Snoop Dogg and The Weeknd have been edged out in the Ottawa Senators bidding war, both having hoped to become the first Black owners of an NHL franchise.
Although Snoop Dogg and The Weeknd have expanded their reach across countless brand deals and investments, the musicians’ A-list swagger and household names weren’t enough to break into the business of NHL franchise ownership.
Snoop once teamed up with the NHL in 2018 for the weekly video series “Hockey 101 With Snoop Dogg,” and more recently, the rapper and entrepreneur was part of a group assembled by Los Angeles-based business mogul Neko Sparks in a bid to purchase the Ottawa Senators.
Dedicated hockey fan and Toronto native The Weeknd — who now goes by his legal name, Abel Tesfaye — joined a rival bid led by hometown billionaires Jeffrey and Michael Kimel of Harlo Capital Group. But neither Tesfaye nor Snoop — nor actor Ryan Reynolds, who was allegedly among one of the half dozen bidding groups interested — could strike a deal.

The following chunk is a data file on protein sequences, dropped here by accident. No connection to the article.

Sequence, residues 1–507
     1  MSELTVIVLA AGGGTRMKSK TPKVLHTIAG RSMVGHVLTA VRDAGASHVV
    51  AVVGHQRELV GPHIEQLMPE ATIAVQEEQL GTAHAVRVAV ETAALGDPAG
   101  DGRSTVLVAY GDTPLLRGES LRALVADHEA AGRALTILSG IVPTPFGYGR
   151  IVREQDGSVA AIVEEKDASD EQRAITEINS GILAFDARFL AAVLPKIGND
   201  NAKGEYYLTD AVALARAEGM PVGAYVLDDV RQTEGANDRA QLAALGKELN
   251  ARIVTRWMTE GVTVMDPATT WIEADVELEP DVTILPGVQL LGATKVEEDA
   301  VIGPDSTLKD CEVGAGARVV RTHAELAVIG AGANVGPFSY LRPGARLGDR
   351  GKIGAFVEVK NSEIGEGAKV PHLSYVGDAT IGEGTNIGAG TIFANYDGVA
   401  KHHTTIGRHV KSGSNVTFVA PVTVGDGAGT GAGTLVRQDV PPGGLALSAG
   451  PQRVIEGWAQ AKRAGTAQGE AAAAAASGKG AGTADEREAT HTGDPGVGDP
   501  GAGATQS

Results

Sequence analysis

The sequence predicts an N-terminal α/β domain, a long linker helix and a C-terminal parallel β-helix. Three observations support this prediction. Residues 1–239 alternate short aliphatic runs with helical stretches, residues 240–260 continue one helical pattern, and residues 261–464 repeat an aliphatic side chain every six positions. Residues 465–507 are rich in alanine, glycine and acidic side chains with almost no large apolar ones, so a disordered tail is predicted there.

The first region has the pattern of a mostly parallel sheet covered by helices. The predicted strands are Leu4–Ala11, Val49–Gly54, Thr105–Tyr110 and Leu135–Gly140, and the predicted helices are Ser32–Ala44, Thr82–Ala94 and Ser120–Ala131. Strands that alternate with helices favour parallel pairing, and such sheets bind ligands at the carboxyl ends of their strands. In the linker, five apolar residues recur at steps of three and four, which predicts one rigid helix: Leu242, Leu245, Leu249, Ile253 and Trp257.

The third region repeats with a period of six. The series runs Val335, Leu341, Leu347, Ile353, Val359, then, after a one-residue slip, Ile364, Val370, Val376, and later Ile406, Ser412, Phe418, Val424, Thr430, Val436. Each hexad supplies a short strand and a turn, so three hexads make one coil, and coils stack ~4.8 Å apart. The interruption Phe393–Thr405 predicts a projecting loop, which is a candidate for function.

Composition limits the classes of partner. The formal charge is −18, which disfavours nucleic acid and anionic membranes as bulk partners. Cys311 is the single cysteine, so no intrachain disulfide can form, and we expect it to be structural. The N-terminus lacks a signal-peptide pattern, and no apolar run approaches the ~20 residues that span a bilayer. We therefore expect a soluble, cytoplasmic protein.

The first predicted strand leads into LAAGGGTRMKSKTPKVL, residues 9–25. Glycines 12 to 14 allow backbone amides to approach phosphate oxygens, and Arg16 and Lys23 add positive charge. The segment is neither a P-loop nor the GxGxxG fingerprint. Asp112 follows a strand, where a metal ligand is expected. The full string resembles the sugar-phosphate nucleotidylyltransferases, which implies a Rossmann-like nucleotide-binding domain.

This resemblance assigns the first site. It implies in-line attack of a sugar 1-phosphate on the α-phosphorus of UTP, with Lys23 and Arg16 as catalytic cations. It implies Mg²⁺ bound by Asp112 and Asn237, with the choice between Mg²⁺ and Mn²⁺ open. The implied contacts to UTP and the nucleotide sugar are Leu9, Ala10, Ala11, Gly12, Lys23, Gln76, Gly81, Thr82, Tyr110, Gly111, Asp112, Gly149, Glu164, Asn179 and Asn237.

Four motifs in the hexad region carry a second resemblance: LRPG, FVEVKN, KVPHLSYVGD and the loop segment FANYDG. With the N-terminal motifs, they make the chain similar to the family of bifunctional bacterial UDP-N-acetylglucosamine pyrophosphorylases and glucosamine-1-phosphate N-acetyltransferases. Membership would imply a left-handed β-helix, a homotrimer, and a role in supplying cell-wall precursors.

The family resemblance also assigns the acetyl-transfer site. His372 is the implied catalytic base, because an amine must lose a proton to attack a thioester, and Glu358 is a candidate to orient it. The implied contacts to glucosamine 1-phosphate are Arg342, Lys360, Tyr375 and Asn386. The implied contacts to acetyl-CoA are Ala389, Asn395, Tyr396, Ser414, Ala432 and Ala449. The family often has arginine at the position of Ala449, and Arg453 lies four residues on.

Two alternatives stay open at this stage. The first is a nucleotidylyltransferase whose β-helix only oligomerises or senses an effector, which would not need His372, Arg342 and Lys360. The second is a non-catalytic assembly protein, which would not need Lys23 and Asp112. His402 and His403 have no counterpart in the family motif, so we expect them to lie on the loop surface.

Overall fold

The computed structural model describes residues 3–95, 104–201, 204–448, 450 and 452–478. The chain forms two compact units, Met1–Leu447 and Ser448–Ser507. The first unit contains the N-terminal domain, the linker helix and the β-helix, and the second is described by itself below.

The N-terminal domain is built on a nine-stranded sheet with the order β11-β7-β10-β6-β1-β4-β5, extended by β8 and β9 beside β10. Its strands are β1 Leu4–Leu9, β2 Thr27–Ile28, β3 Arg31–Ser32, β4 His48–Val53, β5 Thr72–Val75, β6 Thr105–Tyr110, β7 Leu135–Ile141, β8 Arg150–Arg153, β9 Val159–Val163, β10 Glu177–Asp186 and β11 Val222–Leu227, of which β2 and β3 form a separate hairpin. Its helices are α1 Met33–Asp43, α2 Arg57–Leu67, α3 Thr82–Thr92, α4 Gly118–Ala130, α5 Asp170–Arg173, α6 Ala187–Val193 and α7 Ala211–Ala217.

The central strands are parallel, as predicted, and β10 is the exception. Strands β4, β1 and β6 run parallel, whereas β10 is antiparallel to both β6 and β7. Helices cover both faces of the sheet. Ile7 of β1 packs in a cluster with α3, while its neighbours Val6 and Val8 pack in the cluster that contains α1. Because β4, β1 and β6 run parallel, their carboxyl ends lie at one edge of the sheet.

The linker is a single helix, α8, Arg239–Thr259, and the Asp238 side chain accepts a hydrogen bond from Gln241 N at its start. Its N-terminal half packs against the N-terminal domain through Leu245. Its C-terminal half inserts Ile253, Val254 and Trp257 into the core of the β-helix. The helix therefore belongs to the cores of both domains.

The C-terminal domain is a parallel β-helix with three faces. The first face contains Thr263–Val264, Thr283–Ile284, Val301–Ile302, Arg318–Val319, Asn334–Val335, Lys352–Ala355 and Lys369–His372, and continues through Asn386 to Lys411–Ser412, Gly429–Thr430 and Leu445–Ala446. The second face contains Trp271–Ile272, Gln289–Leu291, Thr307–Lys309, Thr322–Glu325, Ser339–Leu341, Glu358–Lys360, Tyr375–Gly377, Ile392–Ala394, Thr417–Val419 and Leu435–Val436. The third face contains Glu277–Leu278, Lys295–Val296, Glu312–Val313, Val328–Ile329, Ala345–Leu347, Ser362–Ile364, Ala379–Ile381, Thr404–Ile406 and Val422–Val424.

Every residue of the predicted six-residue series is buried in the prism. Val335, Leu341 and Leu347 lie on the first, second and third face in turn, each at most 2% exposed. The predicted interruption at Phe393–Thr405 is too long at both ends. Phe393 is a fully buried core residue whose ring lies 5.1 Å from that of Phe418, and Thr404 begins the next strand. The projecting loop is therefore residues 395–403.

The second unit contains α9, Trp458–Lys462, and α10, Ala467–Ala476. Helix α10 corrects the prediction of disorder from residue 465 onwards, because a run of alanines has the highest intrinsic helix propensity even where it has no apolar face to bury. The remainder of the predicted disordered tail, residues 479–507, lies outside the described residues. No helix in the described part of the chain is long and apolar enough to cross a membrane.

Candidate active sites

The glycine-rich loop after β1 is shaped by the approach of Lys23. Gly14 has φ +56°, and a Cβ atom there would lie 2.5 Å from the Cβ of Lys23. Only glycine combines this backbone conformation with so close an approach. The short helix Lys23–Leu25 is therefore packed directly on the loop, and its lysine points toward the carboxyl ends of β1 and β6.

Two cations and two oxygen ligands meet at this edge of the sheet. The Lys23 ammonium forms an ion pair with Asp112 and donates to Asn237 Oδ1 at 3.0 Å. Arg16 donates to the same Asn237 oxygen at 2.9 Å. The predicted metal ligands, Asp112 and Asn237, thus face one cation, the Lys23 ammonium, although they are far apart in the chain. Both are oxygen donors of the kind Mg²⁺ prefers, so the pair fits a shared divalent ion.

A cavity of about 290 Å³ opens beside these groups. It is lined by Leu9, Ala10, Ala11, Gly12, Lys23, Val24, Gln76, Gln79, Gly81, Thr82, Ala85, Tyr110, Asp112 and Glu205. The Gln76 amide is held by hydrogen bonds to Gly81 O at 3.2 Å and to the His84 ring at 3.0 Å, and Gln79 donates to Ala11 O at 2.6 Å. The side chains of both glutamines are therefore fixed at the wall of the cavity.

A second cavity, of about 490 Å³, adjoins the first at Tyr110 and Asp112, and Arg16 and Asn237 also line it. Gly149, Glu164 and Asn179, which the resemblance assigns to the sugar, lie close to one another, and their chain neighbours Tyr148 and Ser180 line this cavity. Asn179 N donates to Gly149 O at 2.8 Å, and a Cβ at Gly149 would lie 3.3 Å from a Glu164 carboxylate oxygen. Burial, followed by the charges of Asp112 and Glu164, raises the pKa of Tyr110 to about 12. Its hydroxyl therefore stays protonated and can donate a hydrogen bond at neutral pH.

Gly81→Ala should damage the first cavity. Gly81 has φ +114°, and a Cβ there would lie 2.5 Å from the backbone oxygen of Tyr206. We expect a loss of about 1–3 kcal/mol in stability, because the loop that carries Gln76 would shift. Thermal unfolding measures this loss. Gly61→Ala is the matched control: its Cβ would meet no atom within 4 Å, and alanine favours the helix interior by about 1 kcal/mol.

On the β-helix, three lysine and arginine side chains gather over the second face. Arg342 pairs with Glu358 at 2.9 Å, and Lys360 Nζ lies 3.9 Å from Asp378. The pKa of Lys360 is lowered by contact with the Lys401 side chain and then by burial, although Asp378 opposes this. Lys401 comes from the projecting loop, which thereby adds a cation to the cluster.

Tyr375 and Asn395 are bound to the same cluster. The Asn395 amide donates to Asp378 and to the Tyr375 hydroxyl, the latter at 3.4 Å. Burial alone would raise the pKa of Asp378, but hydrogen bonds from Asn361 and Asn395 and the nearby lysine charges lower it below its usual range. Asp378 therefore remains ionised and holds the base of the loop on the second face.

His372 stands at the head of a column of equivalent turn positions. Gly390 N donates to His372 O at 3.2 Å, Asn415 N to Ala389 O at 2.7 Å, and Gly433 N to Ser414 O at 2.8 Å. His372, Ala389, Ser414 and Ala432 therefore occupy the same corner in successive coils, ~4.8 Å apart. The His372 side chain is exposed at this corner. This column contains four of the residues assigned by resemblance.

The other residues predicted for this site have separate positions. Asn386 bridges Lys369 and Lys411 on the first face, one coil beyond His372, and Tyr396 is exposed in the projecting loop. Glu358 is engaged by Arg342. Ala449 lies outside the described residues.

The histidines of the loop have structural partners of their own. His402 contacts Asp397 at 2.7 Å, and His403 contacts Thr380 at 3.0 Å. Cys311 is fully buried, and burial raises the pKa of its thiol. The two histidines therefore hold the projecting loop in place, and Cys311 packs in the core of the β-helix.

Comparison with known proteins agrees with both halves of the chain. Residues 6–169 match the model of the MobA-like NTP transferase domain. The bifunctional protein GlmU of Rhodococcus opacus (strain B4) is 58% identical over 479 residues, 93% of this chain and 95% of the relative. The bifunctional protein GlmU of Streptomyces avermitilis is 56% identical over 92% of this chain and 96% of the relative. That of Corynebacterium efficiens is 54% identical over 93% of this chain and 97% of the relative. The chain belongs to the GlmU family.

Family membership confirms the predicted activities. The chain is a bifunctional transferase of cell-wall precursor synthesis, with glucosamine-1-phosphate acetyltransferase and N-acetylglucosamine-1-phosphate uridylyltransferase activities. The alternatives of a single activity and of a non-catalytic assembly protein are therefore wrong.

ESPN reports that the Senators’ board of directors announced Tuesday that a group led by Andlauer Healthcare Group CEO Michael Andlauer put in a successful bid at nearly $1 billion. However, the board has yet to disclose the deal’s final terms.
The 57-year-old Andlauer also owns the Ontario Hockey League’s Brantford Bulldogs and will have to divest his 10 percent stake in the NHL’s Montreal Canadiens team as part of the agreement.
“My family and I are very excited to be part of the Ottawa Senators Hockey Club,” said Andlauer in a statement to ESPN. “I believe that the Senators’ fanbase is one of the most passionate in the league, and I’m excited to take the franchise’s success — both on and off the ice — to the next level.”
According to ESPN, Andlauer’s bid edged out the one from the Kimels, while Sparks’ offer was said to be “underfunded.”